Six months ago, on August 5, India’s Prime Minister Narendra Modi revoked the special autonomous status of Jammu and Kashmir (J&K). The presidential order scrapped constitutional Article 370, which formerly allowed J&K to make its own laws, except in foreign affairs, defense, and communications. It also canceled Article 35A, which gave the state legislature the power to determine who is a permanent resident of the territory.
A direct consequence of the revocation is that J&K as a state has been abolished and replaced by two Union Territories (J&K and Ladakh), which will be governed directly from New Delhi. This came into effect on October 31, nearly three months after Modi’s order.
The Muslims of J&K worry that these constitutional changes are part of a plan to allow non-Muslims to settle in Kashmir and change the demographics of India’s only Muslim-majority state. These fears are understandable given the anti-Muslim bias of two recent pieces of India-wide legislation – the Citizenship Amendment Act (CAA) and the National Register for Citizens (NRC) – passed or considered by the Hindu nationalist BJP-dominated parliament.
Opposition to the CAA and NRC has been widespread and not confined to Muslims. It has surprised the Modi government, whose response has been heavy-handed and non-compromising.
Accompanying the changes to J&K’s legal status and in anticipation of negative reactions to the presidential order, almost 40,000 additional troops were brought into what was already the most militarized zone on earth.
In addition to the increase in the security force presence, a curfew was imposed, schools and universities were closed, the internet was shut down, thousands of tourists and pilgrims were told to leave, and politicians, including former chief ministers Mehbooba Mufti and Omar Abdullah, were put under house arrest.
The Kashmir Valley, the Muslim-majority area of J&K, has been the main focus of the security forces whose approach has been brutal. The troops continue to use, as they have for months, shotgun pellets for crowd control, injuring hundreds of civilians, including women and children.
The valley is effectively still in lockdown mode. This has severely affected the daily lives of some 8 million residents. And while shop owners are allowed to reopen for business, they have instead decided to resist New Delhi’s unilateral move and have self-imposed a shutdown of their businesses.
Modi’s Empty Promises
Although PM Modi has declared that the situation would be back to normal after four months, that hasn’t been the case. On the contrary, the situation has become quite intolerable. It also confirms that Modi’s justification of bringing development to J&K and better integrating it with the rest of India was a fig leave, at best.
The longer Modi’s government takes to lift the clampdown, the worse the Kashmiris’ reaction. As Pakistan’s Prime Minister Imran Khan put it succinctly and bluntly when addressing the U.N. General Assembly in September, there “will be a bloodbath when the curfew is lifted.”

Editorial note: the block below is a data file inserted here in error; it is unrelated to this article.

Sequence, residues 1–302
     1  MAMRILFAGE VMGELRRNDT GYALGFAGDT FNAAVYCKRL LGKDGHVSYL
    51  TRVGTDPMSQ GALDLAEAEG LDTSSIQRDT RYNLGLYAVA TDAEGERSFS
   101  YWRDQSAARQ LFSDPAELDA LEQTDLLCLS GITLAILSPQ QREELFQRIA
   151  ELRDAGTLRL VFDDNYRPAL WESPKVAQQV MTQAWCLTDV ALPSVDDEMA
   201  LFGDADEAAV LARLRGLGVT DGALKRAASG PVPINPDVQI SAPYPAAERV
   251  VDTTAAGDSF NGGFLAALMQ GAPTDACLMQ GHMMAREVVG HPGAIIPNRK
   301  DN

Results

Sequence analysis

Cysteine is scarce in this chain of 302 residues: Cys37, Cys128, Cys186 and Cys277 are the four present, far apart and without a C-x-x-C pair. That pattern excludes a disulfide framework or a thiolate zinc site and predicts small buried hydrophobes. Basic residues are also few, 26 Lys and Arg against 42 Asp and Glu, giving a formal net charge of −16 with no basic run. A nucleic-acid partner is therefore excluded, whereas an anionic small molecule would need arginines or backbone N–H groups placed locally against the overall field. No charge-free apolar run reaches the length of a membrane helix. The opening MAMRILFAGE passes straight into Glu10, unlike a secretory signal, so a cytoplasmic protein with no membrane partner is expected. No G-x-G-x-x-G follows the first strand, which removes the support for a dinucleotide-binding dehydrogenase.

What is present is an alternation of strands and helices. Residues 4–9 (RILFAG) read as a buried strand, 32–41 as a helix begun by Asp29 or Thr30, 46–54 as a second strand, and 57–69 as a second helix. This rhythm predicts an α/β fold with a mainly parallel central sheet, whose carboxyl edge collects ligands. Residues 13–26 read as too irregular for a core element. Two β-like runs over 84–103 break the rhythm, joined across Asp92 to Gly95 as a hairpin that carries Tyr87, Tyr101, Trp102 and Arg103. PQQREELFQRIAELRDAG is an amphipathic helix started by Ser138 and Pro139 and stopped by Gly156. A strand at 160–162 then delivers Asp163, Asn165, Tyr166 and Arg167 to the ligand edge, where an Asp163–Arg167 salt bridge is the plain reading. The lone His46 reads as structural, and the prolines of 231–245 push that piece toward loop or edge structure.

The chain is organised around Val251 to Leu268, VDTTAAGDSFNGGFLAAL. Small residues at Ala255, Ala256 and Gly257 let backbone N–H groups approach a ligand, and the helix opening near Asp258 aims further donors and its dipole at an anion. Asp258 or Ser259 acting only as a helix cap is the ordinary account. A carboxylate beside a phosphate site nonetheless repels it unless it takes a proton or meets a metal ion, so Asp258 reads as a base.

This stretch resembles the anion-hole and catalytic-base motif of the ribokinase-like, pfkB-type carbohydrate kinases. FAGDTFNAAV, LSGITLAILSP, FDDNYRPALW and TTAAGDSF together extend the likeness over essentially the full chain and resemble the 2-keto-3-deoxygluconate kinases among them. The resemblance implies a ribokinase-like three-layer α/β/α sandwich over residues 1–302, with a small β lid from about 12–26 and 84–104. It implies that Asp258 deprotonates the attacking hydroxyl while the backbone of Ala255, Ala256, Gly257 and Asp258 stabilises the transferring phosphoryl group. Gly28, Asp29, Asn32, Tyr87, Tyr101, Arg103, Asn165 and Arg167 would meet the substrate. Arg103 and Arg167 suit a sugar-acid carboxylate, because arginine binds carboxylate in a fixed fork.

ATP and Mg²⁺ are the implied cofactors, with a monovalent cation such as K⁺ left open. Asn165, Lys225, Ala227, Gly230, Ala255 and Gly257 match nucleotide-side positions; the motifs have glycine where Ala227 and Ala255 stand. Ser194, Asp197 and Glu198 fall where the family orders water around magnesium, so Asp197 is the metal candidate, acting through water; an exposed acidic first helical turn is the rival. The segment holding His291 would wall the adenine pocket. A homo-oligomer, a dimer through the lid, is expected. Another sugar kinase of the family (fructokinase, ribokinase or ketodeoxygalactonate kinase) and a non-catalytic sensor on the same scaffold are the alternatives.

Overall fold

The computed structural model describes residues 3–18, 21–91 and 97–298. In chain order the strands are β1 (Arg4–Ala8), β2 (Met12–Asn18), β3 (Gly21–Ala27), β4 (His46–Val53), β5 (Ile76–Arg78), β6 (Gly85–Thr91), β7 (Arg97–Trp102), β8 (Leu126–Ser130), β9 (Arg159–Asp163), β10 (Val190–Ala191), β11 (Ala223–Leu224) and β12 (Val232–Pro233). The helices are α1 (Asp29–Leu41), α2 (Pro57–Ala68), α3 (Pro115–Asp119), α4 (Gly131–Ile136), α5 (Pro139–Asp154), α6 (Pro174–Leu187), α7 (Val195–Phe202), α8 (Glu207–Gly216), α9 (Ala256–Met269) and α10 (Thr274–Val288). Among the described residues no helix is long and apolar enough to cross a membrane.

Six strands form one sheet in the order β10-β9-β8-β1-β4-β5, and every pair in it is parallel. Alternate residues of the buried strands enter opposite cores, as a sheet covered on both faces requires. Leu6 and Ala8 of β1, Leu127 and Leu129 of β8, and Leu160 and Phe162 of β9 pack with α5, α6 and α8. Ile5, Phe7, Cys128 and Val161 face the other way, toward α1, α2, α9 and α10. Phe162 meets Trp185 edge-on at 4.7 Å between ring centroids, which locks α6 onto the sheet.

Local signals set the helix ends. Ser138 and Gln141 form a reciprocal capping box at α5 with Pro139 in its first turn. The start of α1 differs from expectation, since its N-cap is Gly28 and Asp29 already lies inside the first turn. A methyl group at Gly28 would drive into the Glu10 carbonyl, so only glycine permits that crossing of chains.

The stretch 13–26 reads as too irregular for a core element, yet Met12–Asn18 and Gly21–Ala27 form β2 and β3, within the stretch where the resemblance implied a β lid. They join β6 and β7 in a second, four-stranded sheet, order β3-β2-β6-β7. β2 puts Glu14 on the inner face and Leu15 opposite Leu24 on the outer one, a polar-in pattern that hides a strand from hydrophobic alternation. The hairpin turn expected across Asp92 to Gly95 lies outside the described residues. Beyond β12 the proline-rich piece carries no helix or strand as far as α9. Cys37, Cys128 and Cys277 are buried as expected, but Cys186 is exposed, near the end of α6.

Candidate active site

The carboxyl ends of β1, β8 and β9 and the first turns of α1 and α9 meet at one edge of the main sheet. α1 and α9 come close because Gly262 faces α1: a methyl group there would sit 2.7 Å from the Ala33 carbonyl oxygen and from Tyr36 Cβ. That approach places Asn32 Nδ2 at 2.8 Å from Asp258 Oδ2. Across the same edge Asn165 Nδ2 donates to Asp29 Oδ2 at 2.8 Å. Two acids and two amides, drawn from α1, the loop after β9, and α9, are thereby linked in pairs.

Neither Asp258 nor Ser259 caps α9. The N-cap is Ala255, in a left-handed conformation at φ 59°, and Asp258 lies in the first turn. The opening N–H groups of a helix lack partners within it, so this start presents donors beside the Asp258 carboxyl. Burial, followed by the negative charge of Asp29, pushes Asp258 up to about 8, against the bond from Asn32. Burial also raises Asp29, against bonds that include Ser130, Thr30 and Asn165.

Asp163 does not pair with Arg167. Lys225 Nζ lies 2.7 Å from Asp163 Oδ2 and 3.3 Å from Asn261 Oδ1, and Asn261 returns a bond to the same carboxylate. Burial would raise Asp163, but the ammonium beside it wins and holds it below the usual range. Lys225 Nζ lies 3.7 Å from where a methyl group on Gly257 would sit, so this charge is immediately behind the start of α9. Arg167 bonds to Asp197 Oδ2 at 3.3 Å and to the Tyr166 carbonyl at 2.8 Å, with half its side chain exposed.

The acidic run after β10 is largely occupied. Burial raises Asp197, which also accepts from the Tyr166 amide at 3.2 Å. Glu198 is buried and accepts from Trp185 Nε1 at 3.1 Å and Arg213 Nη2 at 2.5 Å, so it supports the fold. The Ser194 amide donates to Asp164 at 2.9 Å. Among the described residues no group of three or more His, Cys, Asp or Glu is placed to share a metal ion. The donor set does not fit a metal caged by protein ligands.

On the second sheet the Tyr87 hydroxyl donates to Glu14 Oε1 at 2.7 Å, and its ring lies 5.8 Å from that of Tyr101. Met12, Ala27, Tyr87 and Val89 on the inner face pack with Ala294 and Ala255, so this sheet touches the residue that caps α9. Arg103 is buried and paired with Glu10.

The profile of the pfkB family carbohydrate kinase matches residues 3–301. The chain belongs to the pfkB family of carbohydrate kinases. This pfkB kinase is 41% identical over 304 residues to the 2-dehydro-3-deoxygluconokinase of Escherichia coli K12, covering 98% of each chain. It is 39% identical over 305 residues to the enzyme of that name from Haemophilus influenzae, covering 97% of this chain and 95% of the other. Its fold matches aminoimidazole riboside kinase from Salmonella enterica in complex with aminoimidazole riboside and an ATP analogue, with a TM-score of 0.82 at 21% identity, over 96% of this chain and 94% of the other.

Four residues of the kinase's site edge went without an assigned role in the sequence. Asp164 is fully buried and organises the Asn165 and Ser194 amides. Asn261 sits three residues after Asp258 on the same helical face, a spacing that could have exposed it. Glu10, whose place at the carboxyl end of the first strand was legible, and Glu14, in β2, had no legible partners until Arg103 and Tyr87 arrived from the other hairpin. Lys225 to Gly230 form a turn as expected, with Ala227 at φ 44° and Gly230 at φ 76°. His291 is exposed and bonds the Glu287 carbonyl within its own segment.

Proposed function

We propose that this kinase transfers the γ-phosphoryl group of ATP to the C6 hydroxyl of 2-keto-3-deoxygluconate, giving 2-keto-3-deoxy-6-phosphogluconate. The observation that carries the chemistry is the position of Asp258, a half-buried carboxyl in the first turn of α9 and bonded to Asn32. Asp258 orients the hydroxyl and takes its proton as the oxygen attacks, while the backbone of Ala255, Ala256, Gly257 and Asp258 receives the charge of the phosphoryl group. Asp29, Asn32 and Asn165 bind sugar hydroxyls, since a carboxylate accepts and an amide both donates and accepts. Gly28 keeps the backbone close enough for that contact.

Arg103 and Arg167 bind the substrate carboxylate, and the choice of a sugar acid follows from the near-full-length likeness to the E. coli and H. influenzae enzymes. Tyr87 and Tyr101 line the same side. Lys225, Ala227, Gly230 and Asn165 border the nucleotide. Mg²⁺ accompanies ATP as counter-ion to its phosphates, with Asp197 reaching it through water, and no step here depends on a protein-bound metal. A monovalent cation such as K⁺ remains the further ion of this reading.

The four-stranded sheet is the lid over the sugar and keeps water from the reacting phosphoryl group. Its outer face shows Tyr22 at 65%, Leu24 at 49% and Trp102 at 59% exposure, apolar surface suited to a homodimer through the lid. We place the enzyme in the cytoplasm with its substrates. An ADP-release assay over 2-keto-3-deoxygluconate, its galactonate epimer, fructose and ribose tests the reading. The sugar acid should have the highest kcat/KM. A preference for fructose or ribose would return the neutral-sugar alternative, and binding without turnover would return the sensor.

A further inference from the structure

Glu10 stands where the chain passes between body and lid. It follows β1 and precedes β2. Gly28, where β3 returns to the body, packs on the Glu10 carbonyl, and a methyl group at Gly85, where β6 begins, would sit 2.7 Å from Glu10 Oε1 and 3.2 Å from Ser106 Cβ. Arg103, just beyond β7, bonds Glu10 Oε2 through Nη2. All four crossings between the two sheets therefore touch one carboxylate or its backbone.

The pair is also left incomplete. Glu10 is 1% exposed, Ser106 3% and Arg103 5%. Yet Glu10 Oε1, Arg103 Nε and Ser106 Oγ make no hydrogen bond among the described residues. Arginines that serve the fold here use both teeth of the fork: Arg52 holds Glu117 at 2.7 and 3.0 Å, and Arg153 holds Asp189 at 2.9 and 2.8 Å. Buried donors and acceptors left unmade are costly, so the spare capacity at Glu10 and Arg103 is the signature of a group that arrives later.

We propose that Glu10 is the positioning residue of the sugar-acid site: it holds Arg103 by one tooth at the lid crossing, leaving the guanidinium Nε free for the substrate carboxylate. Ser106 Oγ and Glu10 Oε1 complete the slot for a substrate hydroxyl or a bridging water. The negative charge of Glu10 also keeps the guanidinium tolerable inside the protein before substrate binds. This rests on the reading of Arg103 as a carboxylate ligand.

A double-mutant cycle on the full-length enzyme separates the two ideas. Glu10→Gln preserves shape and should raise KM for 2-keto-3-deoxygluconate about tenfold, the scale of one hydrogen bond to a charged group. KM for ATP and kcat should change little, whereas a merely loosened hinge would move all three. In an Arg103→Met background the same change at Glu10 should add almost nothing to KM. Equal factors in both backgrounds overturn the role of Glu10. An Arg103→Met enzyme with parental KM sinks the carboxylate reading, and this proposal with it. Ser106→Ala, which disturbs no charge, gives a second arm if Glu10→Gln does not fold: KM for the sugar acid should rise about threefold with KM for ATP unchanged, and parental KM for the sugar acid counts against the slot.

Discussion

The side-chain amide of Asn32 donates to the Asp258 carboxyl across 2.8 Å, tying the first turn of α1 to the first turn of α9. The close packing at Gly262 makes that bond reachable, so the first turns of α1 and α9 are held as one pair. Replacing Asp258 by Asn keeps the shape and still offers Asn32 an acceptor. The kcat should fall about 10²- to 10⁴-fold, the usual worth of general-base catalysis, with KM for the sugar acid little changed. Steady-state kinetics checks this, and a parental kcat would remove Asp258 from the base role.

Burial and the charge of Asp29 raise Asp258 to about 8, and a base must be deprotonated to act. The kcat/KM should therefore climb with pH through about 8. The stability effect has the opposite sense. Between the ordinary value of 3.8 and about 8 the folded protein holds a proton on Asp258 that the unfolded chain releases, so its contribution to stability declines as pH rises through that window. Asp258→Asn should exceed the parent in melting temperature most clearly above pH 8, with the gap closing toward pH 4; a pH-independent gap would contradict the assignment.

Last week, New Delhi finally lifted internet restrictions in the Kashmir Valley after the Supreme Court ruled that web access was integral to an individual’s right to freedom and expression. However, such heavy restrictions were imposed, including only access to 2G and no access to any social media or search engines, that it made the end to the world’s longest internet shutdown in a democracy virtually meaningless.
In addition to the human cost of this massive clampdown, the economic consequences of Modi’s decision to effectively shut down Kashmir have been catastrophic. The Kashmir economy has suffered losses of over 20 percent of its annual output. And sadly, because an early return to normalcy is not on the cards, the economic costs will continue to rise.
To the chagrin of Modi, the situation in Kashmir and his government’s anti-Muslim policies has not gone unnoticed among political leaders and the media alike. For example, German Chancellor Angela Merkel and U.K. Prime Minister Boris Johnson have condemned the security forces’ unacceptable tactics in Kashmir.
E.U. lawmakers have drafted a resolution highly critical of Modi’s Kashmir and “anti-Muslim CAA,” which violates India’s international obligations. This resolution will probably be tabled in March.
Respected newspapers such as The Washington Post and The New York Times, which are generally sympathetic to the Indian government, have begun to run stories much less favorable to the Indian authorities.
Finally, the U.N. rights chief has been scathing of the situation in Kashmir and has demanded that the Indian authorities “fully restore the rights that are currently being denied.”
Probably the most damaging international reaction has been the front cover of this week’s The Economist, whose headline, Intolerant India, How Modi is endangering the world’s biggest democracy, summed it up tersely.
— The Economist (@TheEconomist) January 23, 2020
But while there has been an adverse reaction to Modi’s Kashmir and anti-Muslim policies, the international community, led by the U.S., is not about to abandon New Delhi. India has potentially too important of a role to play in the (almost inevitable) great power confrontation in the Indo-Pacific for the West to isolate it over these domestic issues.
And tellingly, most Muslim countries have ignored what is happening in Kashmir and India altogether. The commercial opportunities in India are simply too great to be jeopardized over these issues.
While India may be left off the hook for the moment, in the long-term, the Modi government’s policies don’t augur well for the future stability of the world’s “largest democracy.” And that’s bad news for everyone.Disclaimer: The views and opinions expressed here are those of the author and do not necessarily reflect the editorial position of The Globe Post.